“Yeah, I mean, I enjoy the local short track scene. I love racing in those cars. I follow it as much as I can on Bob (Dillner) and his guys do a great job of following and covering the entire United States, whether it is late model stocks, super lates, which are my favorites personally, modifieds, dirt, pavement, all kinds of stuff. As far as NASCAR stars going back to their roots and doing some of that stuff, it’s not necessary. If you love it, go do it, try to be safe. But I think there’s a lot of risk, and that’s why a lot of the guys don’t do it. If you get hurt doing that, you lose your ride for a few weeks here, don’t ever have an opportunity to come back because somebody better than you takes over in it, then you’re out. So you got to weigh those consequences a lot. For me, I do that sometimes. You know, I’ve wanted to run a modified, one of the Whelen modifieds, at Loudon. Years ago J.D. Gibbs told me no, exactly for that same reason, like weigh your options and what you got going on for you. We don’t need you to get hurt. I was never able to go do those things. So as it comes down to it, when I get older and maybe get out of Cup racing, then I might look at going and doing some more of that stuff and touring around. But hopefully all the short tracks are still in existence by then, too, because it’s probably 15 years from now, so…”

Does Joe Gibbs Racing lose anything without having Dave Rogers in your debriefs?

“I believe so. You know, I think anytime you lose good crew chiefs, you lose a little bit of strength to your company. I think whenever you lose good drivers, like Carl Edwards, you lose a little bit of strength to your company. We’ve taken two big bullets here for this season, one from Carl, one from Dave. We’ve got to recover some of that and get back into the game where we’re the strongest four‑car team out there, like we felt like we were the last couple of years with all of us in place. With Daniel (Suárez ), he’s still going to be learning. We know that’s sort of a long‑term deal, that he’s got to grow and get better and be ready as a driver more down the road. Then with the crew chief aspect of it with Dave, we’re not sure how long he’ll step down. But, you know, if it’s indefinitely, which could be forever, then hopefully Scott Graves will fill that void. But he’s so new, so fresh right now, that, you know, he’s going to take a few weeks, at least a month or so, to get up to speed for sure before we really get to see the full potential out of Scott.”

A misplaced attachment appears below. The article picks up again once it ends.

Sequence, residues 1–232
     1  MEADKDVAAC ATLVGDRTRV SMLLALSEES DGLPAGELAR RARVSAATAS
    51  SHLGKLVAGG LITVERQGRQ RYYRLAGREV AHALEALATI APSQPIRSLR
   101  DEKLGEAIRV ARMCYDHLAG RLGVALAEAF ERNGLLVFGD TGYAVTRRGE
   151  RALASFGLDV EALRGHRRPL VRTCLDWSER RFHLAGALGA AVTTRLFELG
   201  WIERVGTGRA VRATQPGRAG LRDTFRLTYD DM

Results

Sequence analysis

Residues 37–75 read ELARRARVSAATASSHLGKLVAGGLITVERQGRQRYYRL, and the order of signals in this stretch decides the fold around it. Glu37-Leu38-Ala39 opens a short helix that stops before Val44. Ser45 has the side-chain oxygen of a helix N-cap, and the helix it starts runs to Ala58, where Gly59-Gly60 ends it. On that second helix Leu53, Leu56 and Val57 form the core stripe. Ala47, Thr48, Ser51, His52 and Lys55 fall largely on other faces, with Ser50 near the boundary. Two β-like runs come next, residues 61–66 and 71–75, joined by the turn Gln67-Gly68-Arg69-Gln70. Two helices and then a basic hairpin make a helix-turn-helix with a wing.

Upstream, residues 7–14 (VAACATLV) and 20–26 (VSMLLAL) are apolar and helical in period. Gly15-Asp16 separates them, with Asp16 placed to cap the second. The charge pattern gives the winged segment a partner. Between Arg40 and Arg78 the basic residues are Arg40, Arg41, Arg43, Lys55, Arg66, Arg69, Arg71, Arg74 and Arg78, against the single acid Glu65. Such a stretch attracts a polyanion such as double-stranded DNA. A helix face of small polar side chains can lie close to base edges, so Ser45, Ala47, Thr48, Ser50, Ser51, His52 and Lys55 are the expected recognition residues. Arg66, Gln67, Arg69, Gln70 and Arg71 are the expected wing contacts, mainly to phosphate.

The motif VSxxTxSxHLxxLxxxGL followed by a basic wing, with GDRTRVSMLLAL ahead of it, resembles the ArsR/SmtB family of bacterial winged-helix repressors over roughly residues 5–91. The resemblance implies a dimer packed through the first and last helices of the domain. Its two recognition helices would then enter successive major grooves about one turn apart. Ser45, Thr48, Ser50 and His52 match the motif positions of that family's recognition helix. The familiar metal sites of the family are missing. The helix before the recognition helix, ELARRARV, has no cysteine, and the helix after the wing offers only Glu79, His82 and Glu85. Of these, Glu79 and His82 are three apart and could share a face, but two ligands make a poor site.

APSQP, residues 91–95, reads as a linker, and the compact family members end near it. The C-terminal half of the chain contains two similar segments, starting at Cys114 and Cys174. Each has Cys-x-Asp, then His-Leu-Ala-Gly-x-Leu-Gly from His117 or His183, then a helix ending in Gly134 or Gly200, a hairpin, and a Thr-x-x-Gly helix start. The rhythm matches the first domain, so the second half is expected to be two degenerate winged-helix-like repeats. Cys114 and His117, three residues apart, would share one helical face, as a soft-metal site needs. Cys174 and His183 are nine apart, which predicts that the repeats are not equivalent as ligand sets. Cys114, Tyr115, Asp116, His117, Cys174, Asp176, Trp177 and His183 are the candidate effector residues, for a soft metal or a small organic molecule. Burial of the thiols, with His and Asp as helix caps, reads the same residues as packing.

How can you showcase the driver talent more in the all-star race like in other major league sporting events and their all-star games?

“I got a hell of an idea. Let’s run one lap on the mile‑and‑a‑half at Charlotte. Then we’ll run the next lap on the quarter mile at Charlotte. Then we’ll run the next lap on the roval at Charlotte. Then you get a short track, a road course and a mile‑and‑a‑half all in one speedway. There you go. We can do that. That sounds like fun. I thought of it first. I don’t know. I mean, besides doing something stupid like that, I don’t really know how you can put ‑‑ you definitely don’t want to see us playing basketball. I’ve Googled Brad Keselowski, that’s bad. Denny (Hamlin) would be a heck of a lot better at that than some of the others. I don’t know how you do that. I think the best thing that we got going for us that I really, really enjoy about All‑Star weekend is the fact that the qualifying procedure is the way that it is and we can get the pit crews involved. I think that’s probably the most fun. They lost their star power a few years ago when we lost the Sprint Pit Crew Challenge down in Charlotte, you know. So at least this still gives them something that we really want to see them be able to showcase, then to have fun with during the week. So that’s the most fun for us anyways, as drivers, for me, I like to be and have my team be a part of that with me during that qualifying segment.”

How many ‘Everything is Great’ shirts have you sold?

“Everything is great. Always has been, forever will be. Sales are up over 30 grand so far in just, what, two weeks. A lot of great fan support from that. It’s been awesome. A really neat deal for the fans to be as supportive of it. Whether you agree with it or don’t agree with it, it doesn’t matter. It’s just for a great cause. So we appreciate that. For what Samantha (Busch) and I believe in with our charity aspects, the things that we do with the Kyle Busch Foundation, it’s going to go to a lot of use. Samantha, if I got asked this question, she’d ask me to say thank you to all the fans out there for their willingness to donate and support our cause.”